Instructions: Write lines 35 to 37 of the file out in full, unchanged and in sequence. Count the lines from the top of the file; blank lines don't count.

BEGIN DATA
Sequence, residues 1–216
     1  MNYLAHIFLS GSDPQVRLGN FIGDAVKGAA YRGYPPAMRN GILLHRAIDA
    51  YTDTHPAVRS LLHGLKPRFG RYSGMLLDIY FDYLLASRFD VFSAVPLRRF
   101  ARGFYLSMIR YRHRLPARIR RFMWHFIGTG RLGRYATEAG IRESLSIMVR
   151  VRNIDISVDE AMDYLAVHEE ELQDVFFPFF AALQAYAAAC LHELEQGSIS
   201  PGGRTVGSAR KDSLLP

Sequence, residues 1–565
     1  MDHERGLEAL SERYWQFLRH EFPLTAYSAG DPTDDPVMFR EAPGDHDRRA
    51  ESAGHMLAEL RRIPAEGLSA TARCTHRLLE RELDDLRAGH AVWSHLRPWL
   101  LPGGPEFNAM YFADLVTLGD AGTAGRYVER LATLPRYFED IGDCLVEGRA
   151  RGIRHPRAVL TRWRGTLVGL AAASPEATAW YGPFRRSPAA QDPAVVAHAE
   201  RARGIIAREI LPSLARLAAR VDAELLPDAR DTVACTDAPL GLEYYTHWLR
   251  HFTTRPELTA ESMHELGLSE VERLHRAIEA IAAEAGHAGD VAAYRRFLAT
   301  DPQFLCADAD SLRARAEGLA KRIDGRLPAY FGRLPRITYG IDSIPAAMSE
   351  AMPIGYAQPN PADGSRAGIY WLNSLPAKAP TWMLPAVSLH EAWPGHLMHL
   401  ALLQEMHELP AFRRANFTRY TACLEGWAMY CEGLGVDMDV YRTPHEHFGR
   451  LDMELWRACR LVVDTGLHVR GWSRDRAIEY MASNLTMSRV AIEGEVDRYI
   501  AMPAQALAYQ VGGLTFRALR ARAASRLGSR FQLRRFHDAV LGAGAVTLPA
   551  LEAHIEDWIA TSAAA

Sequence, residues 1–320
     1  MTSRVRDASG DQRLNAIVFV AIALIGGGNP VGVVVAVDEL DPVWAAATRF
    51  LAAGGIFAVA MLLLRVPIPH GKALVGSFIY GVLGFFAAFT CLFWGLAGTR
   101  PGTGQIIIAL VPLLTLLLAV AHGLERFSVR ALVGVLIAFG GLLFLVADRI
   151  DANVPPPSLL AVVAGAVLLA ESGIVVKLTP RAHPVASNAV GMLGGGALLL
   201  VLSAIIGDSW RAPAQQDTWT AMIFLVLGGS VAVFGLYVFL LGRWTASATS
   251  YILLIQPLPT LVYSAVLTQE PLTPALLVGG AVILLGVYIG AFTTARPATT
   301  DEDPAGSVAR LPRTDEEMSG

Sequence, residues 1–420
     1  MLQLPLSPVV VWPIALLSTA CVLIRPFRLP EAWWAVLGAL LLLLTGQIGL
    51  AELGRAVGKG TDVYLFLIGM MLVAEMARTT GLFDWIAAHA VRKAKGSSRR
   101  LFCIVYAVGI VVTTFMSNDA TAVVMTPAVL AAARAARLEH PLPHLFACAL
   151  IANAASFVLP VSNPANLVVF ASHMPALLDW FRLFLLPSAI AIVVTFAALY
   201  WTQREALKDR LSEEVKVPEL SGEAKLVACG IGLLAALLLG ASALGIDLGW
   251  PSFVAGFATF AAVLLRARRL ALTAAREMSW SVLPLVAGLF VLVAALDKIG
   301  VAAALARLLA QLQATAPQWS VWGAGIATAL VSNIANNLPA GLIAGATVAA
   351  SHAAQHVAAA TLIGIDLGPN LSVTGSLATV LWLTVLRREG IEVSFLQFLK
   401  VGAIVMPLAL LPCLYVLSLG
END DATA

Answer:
   301  VAAALARLLA QLQATAPQWS VWGAGIATAL VSNIANNLPA GLIAGATVAA
   351  SHAAQHVAAA TLIGIDLGPN LSVTGSLATV LWLTVLRREG IEVSFLQFLK
   401  VGAIVMPLAL LPCLYVLSLG